Has IRS scrutiny resulted in questions about your foreign accounts? Taxpayers with foreign assets can be caught off-guard by IRS reporting requirements. Protect your investments and gain clarity about international disclosure requirements without letting them cause you undue frustration. Let our team of dual-licensed tax attorneys and CPAs at Frost Law help you today.
Frost Law can help you with common international tax problems such as:
Form 3520 follows the IRS tax return deadline and is due April 15th. Form 3520-A, which is closely related to Form 3520, deals with trusts that have more than one owner, amongst other differences and it has a separate filing deadline. If you forgot to file either Form 3520 or Form 3520-A then you may end up dealing with a letter from the IRS labeled as Notice CP15, which details penalty issues.
If you’re uncertain about how to respond to Notice CP15 or have other questions about Form 3520 filing, we can help you identify your options and make a decision on the best course of action for penalty abatement
FBAR stands for “Foreign Bank Account Report,” and refers to FinCen Form 114, Report of Foreign Bank and Financial Accounts.
FBAR added new obligations for some U.S. taxpayers who have ownership or control (for example signature authority) of foreign accounts with an aggregate value of over $10,000 in the calendar year: typically, taxpayers in that situation might have an FBAR filing required.
If you’re uncertain about how the disclosure requirements apply, we can help you identify your options and make a decision on the best course of action going forward.
After a foreign bank reports the non-compliant taxpayer’s account information to the foreign taxing authority, the information is then provided to the U.S. Dept Treasury. For those countries without intergovernmental agreements (IGAs), the account holder’s information will be sent directly to the U.S. Dept of Treasury. Or the IRS may have discovered the non-compliance based on stated or implied sources of foreign income on filed tax returns or information forms. Regardless of how the IRS obtains the information, what could follow is an investigation by an IRS examiner of the potential FBAR violation(s).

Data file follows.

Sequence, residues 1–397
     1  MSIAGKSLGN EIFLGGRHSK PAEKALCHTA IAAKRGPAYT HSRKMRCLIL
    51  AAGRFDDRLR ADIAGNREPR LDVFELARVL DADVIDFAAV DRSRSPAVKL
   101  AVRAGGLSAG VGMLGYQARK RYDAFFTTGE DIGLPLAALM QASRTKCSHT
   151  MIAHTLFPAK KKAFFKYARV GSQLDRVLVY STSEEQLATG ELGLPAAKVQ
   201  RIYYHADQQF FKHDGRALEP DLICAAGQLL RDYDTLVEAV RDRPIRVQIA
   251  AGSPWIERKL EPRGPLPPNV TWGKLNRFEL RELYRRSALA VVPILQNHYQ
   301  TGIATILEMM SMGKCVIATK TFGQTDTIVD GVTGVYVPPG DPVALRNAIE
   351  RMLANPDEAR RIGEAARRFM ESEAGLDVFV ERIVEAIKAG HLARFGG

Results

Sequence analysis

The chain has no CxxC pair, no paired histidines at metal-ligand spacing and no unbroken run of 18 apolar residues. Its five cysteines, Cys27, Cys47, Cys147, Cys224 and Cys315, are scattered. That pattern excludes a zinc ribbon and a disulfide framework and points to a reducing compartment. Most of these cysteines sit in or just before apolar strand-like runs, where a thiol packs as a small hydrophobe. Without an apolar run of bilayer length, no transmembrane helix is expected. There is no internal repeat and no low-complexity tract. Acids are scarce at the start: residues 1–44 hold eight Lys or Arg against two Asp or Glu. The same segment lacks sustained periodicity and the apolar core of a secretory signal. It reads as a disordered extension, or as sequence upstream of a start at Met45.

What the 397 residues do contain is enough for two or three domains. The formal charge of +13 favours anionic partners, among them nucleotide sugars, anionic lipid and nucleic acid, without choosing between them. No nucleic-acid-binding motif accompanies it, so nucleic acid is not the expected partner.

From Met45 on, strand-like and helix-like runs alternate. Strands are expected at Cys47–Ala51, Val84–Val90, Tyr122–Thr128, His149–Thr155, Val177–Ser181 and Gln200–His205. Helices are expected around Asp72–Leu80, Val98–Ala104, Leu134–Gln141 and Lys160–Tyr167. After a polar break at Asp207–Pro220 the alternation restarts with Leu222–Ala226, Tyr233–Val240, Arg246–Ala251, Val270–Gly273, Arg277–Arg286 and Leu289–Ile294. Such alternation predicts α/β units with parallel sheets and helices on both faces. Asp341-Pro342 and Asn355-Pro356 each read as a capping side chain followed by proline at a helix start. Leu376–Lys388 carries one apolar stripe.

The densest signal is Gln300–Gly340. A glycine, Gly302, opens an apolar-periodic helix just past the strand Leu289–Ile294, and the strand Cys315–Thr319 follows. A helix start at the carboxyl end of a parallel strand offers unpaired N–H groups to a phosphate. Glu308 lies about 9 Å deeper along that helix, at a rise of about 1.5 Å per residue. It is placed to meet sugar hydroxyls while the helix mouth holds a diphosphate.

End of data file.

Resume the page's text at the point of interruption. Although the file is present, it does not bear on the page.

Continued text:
FBAR violations lead to civil and/or criminal penalties. The monetary penalty may not exceed $10,000 per violation; however, where the violation is willful, the penalty is the greater of $100,000 or 50% of the balance in the account on the date of the violation.
The Delinquent FBAR Submission Procedures are one of the programs available under the Offshore Voluntary Disclosure Program (OVDP) for taxpayers with unreported foreign financial accounts to come into compliance.
FATCA added new obligations for U.S. taxpayers holding offshore accounts to report those holdings to the IRS through intergovernmental agreements (IGAs) with more than 100 countries. FATCA typically requires U.S. taxpayers who meet the FATCA threshold (at least $50,000) to report information on their assets on form 8938.
Unsure if you have IRS reporting requirements? Frost Law can help you identify your options and make a decision on the best course of action going forward.
The world of FATCA withholding breaks down into two major categories, foreign financial institutions (FFIs) and non-financial foreign entities (NFFEs). There are a set of hard and fast rules that are applicable to these groupings – although, in the case of an individual business, it is always best to consult with an international tax attorney to ensure correct filing.
Different types of NFFEs and FFIs have varied obligations with respect to the FATCA withholding tax so it’s important to contact an attorney for accurate guidance.